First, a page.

Octavio Rodriguez, a consultant in the Colombian office of Conservation International (a U.S.-based nonprofit with more than 30 offices around the world), explained the impacts of cattle ranching in Colombia during an interview with Colombia Reports. Rodriguez highlighted soil degradation and deforestation at the most visible impacts.
The prevailing livestock cultivation system in Colombia, according to Rodriguez, is known as the “latifundio” or extensive system in which cattle roam freely over large parcels of land generating inconsistent revenue.
“It doesn’t generate real revenue,” Rodriguez said. “Instead it’s more of a demonstration of land possession. That’s its function. The cost is really put on the ecosystem, and it can be very high… the costs may be in the millions [of dollars]. In comparison, the occasional revenue of latifundio ranching cannot be very high. Realistically? These people own cattle to demonstrate their dominion over the land.”
When contacted by Colombia Reports, the communications representative for Fedegan, the largest cattle ranchers union in Colombia, refused to comment and hung up the phone.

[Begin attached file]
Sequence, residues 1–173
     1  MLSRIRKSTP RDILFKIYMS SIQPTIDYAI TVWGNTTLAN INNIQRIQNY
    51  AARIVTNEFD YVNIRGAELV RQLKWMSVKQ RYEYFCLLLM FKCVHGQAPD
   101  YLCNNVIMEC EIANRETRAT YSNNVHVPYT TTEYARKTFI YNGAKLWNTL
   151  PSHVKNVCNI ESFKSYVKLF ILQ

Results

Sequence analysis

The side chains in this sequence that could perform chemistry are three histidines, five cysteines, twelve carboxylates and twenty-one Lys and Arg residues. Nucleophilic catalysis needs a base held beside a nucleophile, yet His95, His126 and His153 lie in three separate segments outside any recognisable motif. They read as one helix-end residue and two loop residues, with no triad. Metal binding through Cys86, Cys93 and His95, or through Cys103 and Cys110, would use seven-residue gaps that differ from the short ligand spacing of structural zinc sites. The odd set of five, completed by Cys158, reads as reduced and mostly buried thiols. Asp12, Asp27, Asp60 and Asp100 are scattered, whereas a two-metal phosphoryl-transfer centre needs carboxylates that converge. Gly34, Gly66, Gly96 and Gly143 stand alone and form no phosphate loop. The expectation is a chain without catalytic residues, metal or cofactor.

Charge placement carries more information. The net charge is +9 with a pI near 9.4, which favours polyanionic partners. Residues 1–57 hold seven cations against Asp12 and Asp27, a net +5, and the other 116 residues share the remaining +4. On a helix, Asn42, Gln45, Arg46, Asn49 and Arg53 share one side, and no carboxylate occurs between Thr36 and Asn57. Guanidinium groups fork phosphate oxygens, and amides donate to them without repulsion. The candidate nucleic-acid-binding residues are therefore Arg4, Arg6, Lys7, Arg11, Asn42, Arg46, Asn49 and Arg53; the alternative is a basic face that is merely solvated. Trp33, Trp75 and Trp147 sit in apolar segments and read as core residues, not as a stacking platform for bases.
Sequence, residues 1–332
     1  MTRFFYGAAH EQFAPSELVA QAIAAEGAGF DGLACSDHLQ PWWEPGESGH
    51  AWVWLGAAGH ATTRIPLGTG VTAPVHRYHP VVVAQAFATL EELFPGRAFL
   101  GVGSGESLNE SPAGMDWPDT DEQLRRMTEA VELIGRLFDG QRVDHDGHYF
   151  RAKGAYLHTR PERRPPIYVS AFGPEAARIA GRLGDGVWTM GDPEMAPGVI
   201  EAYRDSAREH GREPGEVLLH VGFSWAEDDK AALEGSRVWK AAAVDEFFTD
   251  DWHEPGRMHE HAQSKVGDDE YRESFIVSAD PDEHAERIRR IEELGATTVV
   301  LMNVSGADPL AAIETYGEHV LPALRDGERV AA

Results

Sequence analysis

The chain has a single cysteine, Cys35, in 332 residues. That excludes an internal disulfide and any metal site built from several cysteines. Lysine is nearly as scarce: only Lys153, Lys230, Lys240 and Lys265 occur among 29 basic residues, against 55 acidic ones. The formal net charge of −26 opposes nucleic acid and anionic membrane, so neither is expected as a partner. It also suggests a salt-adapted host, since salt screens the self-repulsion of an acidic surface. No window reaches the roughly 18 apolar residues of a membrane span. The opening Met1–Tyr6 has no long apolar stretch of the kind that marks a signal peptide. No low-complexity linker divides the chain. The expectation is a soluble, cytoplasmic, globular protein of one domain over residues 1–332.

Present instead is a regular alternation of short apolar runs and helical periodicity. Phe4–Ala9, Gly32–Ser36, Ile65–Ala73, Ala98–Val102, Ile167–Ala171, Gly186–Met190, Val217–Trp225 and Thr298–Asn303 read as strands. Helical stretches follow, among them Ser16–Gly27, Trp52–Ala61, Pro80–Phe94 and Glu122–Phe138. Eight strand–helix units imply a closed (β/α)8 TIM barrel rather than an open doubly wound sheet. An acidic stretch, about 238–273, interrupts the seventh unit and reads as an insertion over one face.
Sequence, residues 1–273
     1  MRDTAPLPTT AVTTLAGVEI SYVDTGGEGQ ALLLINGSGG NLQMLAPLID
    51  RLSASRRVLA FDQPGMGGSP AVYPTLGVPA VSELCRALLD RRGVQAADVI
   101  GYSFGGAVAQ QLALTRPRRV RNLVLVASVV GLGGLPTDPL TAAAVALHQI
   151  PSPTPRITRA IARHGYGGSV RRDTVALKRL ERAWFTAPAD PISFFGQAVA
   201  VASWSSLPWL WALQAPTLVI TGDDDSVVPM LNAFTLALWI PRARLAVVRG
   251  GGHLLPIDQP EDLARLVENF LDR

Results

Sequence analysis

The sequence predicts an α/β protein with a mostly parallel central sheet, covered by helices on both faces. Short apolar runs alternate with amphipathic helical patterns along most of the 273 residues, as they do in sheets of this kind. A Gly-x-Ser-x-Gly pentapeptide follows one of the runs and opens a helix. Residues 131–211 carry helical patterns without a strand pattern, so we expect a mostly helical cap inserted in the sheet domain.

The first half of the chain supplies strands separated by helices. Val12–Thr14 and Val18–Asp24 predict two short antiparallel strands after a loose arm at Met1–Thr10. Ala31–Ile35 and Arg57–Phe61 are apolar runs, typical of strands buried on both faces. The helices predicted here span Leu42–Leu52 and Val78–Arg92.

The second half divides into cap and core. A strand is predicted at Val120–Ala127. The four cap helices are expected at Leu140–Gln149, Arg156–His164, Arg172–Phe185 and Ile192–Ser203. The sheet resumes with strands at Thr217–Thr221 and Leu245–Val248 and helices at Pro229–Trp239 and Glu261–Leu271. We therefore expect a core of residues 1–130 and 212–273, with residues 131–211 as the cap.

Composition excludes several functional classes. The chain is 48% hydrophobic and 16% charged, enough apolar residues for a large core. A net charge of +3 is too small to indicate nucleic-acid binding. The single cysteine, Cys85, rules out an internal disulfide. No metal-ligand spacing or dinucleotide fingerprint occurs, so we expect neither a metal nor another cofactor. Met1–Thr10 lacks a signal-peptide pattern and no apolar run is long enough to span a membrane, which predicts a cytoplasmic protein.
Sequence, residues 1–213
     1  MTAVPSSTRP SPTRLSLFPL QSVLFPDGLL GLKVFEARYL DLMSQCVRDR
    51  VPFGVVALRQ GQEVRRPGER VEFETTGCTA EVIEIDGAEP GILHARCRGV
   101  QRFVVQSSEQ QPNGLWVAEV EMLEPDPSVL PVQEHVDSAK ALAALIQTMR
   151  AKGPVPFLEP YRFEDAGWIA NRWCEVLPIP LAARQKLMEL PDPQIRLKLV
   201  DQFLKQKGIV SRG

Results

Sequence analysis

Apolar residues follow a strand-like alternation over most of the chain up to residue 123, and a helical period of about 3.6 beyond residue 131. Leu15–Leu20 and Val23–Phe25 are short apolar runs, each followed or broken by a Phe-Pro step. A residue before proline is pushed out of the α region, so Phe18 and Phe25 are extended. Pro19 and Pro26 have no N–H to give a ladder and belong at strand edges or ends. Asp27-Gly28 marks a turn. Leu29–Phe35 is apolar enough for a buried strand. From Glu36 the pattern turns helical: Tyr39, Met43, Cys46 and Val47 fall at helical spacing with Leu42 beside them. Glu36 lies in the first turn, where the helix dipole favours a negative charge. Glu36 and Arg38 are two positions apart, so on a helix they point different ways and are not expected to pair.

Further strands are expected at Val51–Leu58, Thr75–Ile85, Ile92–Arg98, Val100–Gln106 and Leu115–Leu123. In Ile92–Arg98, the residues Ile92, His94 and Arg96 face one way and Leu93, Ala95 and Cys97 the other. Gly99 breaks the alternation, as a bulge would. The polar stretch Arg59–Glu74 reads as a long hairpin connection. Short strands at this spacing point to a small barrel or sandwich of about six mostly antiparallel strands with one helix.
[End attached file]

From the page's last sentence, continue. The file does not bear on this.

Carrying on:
In addition to soil degradation and deforestation, livestock activities emit considerable amounts of three greenhouse gases: carbon monoxide, methane and nitrous oxide, according to the study, “Livestock’s Long Shadow,” by the FAO.
“Belched methane from livestock constitutes one of the largest sources (roughly 30%) of greenhouse gas emissions from agriculture,” a Green Peace study found.
According to a 2010 study presented by Colombia’s Ministry of Agriculture and Rural Development, almost 94 million acres (about the size of Montana) are designated for cattle ranching in Colombia. That is about 33% of the country’s land. Though, the Ministry adds, only half that amount is actually used for livestock.